Saturday, February 12, 2011
Author: Sarah Dessen
Publisher: Speak (a division of Penguin Group USA), 2006
First read: March 10th, 2010
Page total: 371 pages
Genre(s): Young Adult; Realistic Fiction
Synopsis: "The girl who has everything" That's the role Annabel Greene had played in the commercial. But that was before the big fallout with her best friend, Sophie. Now Annabel has no friends, wants to quit modeling and is afraid to tell the truth - what really happened the night she and Sophie stopped being friends.
But then she meets Owen Amstrong, a fellow student who's determined to tell only the truth. It is him who changes the way Annabel views the world. But can he help her emerging from her safely guarded shell?
A bittersweet story. It's amazing to see how I grow slowly yet steadily fond of the characters. When I first read the book -which was 11 months ago as you can see- Annabel honestly freaked me out. I couldn't understand why she wouldn't just stick to the truth. Why she would prefer slumming in her cocoon. After going back to the story and savoring each and every word, I can finally say I can understand what she must feeling. I took the time to get close to her, and didn't let the prejudice standing in our way. It's probably weird to bond with a fictional character this way but Sarah Dessen's characters don't feel fictional. They feel real because they're not perfect. They make mistakes. They try to make it good. They're unsure of themselves.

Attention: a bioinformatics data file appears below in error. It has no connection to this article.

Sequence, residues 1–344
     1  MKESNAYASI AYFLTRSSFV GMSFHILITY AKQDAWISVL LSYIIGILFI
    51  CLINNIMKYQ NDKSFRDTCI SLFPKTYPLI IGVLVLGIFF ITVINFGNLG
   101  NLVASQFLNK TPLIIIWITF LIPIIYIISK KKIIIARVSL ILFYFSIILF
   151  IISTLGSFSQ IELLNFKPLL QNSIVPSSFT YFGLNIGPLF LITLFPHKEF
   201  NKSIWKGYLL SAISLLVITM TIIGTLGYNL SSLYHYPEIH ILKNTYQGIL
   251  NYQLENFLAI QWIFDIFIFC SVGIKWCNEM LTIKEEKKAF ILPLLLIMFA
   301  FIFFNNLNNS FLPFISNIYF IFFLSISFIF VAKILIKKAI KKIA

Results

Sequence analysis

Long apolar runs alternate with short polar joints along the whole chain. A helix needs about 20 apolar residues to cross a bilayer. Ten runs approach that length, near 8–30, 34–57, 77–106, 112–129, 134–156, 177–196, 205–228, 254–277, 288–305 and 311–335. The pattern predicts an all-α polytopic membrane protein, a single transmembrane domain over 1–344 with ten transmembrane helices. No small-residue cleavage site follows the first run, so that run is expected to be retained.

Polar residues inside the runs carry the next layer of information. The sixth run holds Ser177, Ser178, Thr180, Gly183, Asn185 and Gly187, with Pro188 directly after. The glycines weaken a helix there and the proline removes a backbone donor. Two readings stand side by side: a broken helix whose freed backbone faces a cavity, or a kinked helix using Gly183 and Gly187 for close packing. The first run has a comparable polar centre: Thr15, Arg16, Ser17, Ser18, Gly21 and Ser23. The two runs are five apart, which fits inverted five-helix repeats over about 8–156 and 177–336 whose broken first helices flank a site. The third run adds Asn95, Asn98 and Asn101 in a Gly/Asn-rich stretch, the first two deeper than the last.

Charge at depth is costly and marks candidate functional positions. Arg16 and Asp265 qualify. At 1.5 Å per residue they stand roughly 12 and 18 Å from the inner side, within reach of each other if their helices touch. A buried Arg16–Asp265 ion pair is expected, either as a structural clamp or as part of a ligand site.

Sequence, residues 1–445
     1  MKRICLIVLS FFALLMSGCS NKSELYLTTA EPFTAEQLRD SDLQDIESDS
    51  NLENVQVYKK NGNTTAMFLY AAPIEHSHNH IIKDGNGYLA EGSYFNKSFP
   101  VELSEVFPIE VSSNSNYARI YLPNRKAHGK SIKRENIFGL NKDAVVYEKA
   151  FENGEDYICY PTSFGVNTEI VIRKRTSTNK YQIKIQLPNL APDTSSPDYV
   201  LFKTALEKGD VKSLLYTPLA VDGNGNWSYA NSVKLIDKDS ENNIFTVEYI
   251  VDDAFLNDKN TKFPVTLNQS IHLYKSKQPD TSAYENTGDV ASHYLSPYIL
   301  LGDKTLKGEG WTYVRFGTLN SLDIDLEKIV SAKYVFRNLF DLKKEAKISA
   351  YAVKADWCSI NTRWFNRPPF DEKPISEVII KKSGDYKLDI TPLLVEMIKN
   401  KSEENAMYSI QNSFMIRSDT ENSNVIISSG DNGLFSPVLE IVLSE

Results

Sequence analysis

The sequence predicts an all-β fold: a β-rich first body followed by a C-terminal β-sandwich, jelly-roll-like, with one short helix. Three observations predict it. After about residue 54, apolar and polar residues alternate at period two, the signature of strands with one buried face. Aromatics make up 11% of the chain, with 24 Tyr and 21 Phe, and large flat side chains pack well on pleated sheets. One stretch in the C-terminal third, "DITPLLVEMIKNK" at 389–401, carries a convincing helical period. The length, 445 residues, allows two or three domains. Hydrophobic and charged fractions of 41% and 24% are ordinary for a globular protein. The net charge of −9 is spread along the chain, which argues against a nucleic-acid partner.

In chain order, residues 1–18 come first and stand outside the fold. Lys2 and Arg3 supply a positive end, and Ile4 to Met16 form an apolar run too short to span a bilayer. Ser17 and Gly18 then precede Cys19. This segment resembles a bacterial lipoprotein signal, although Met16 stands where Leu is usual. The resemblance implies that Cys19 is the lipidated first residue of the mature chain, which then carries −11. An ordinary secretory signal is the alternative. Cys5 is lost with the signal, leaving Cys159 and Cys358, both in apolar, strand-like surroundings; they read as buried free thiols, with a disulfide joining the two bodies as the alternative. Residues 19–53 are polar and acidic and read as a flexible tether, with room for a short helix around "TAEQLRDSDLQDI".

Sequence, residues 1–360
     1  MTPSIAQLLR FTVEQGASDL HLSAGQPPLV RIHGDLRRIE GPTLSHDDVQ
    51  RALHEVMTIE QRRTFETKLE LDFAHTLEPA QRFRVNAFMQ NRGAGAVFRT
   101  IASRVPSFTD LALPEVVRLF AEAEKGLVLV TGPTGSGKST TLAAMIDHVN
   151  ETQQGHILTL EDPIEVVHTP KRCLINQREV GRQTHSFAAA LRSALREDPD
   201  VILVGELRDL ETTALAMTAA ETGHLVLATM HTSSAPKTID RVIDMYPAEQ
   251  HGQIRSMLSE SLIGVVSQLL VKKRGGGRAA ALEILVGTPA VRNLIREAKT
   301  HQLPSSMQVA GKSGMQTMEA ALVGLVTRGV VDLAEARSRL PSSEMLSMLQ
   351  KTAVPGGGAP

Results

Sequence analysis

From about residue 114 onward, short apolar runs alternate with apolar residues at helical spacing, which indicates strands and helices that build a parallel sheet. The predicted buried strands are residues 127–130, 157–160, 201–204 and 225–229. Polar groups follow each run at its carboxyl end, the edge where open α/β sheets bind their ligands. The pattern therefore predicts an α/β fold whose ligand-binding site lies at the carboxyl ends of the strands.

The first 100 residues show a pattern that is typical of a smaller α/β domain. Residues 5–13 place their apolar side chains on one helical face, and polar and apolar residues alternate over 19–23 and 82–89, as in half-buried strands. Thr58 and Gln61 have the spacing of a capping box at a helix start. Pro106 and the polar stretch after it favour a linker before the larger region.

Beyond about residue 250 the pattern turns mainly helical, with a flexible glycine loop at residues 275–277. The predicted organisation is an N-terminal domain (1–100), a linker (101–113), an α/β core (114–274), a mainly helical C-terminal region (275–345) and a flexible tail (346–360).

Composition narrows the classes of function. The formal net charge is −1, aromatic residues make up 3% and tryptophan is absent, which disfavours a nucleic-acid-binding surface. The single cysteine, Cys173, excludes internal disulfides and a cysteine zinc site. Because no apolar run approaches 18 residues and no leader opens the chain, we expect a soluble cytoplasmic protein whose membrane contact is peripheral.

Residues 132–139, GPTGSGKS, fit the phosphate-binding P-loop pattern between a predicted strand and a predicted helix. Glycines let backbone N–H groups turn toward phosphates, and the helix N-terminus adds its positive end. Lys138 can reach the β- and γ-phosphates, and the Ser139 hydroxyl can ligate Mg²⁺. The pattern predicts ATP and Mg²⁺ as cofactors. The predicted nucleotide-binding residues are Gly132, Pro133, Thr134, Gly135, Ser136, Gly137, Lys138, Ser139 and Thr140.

I don't seek confrontations like Kirsten, the oldest of the Greene sisters, but unlike Annabel, I don't shy away from them either. Also, I'm not used to the silent treatments the way Whitney, the middle girl, is used to. If you ask me, I'd say while I don't like confrontations, I do what I have to do - I deal with them in order to protect myself. For Annabel, it was holding back the truth, hoping everyone -including herself- would forget the incident soon.
Several important topics are touched in this novel, such as Whitney's anorexia, Annabel's speaking up for herself, Owen's anger management. Each character struggles to live with her/his problem and while Annabel's clearly the major character, the others don't feel like left out, either - they're just as real as Annabel is.
At the end, Annabel learns to stand up for herself, and that while running away may be the easiest way out, it is not always the right way to deal with problems. And for that, I truly admire her.
Also, this book is packed with wisdom we all know subconsciously but that has never been pointed out to us. So, some quotes:
"But being nice wasn't as easy as it seemed, especially when the rest of the world could be so mean."
"I was beginning to see, though, that the unkown wasn't always the greatest thing to fear. The people who know you best can be riskier, because the words they say and the things they think have the potential to be not only scary but true, as well."
"What's wrong with nice?"
"Nothing. Except it usually involves not telling the truth."
-Annabel and Owen
"Anger's not bad. It's human. Anyway, just because someone's upset doesn't mean they'll stay that way."
"Don't think, or judge. Just listen. [...] And then [...] you can make up your mind. Fair enough, right?"
This is a great book.
Sarah Dessen is an amazing author.